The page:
Q: The timeout in the third quarter ensured the possibility of
BB: In yesterday's game, we were at that point where we were in field goal range but it was a long field goal and it felt like if we changed ends of the field then that field goal range might not be there as evidenced by when we went for it on fourth down in the fourth quarter going into the wind in a similar field position situation. When the clock was running there, we wanted to try to give ourselves a chance. Of course in a close game like that, the game was tied at the time, you hate to waste timeouts because they can be valuable at the end, as we've seen many times this year, but I felt like it was worth it to be able to have a better opportunity on the kick. Not saying that Steve [Gostkowski] couldn't have made it going the other way, I just think it would have been a harder kick based on the conditions that were out there yesterday. Then we threw the incomplete pass and that might have helped us there, because had we completed the pass and not gotten the first down, then that would have been another situation and decision whether to use another timeout to preserve that but fortunately we didn't have to do that. If we had converted, then obviously we would have then gone into the fourth quarter but it would have been closer to the goal line, at least at the start, if we had picked up the first down and then been able to, even if we got stopped, it would have been a kick that I would have felt better about going that direction. It wasn't just the direction of the wind, there was also significant crosswind that all the specialists had to deal with. Yeah, of course, back to the first days I remember watching football, playing, watching, being a part of it, the wind conditions are always a factor in the kicking game first and then in the passing game. I'd say one of the biggest decisions and most critical decisions that I've ever been a part of on that was in the 1986 NFC Championship Game against the Redskins. It was a windy day in Giants Stadium. We've had many of those and we won the toss and Coach [Bill] Parcells elected to take the wind which wasn't very common. It wasn't a very common decision because, let's face it, you take it in the first quarter you're not going to have it in the second quarter. That was what he decided to do and we were able to really take advantage of that situation against the Redskins. We got three stops and 17 points and we had a 17-0 lead at the end of the first quarter in part due to the wind, good defense and good offense helped of course. But the field position was huge and that ended up being the final score of the game. That decision, the initial points and the way that the game started really was a huge part of what was reflected in a huge degree to that decision that Bill made. That was a good lesson for me to learn in my career. It was a great decision by Coach Parcells.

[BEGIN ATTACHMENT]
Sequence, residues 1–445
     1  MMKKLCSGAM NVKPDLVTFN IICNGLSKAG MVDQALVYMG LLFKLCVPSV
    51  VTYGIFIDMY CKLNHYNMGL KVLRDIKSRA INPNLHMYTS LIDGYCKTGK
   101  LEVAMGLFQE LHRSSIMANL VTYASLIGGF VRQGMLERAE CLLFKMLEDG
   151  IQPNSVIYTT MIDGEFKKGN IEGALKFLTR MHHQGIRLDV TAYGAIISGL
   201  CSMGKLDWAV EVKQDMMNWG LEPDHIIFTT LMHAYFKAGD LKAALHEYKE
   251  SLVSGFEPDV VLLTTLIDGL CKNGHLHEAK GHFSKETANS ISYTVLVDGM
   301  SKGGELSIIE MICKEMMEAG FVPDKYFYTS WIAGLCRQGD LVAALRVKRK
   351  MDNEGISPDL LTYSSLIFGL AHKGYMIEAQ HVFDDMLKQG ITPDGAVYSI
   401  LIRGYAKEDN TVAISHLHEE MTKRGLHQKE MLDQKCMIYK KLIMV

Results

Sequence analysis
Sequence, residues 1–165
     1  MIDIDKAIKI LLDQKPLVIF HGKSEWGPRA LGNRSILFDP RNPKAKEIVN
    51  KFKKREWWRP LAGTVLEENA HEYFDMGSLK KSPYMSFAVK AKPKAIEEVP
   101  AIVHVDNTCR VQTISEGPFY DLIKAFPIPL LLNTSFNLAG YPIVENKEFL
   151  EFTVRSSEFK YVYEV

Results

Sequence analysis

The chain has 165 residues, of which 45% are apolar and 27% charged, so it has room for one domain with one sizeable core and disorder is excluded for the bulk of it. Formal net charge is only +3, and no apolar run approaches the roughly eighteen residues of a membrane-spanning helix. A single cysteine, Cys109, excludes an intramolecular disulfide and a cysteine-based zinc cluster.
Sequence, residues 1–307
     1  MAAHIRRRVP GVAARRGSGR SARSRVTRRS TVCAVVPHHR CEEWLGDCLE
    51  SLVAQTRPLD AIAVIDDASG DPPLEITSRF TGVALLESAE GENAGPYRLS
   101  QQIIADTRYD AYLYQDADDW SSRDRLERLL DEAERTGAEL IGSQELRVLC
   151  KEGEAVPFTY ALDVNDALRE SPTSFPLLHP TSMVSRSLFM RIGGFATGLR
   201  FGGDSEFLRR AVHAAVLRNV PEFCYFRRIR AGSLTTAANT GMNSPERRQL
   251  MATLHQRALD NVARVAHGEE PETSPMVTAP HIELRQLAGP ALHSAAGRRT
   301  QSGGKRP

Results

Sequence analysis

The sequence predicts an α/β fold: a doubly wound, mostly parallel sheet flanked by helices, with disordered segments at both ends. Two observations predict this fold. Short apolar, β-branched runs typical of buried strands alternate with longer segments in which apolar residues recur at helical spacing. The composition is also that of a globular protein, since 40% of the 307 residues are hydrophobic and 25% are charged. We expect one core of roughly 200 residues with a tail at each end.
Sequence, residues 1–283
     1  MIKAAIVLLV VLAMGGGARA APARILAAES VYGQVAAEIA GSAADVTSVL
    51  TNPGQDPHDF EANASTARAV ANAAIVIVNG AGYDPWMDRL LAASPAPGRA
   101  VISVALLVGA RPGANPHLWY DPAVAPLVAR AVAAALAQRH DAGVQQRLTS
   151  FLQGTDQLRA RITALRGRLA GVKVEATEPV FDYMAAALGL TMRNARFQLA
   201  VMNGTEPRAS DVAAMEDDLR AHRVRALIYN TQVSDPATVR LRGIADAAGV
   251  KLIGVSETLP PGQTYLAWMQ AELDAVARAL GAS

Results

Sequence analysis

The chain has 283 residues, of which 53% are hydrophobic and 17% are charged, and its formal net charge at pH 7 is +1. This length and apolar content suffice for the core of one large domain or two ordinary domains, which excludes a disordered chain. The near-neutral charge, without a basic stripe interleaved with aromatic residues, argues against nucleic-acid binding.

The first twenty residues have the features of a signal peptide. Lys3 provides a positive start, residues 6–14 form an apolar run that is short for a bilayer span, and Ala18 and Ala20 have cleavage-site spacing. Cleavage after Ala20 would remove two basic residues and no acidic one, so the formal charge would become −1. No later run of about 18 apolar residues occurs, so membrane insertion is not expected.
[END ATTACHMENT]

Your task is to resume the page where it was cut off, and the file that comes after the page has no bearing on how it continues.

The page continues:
Q: Would you agree with the assessment that the blitz was a greater part of the defensive plan in this game than we've seen in the first seven games of the season?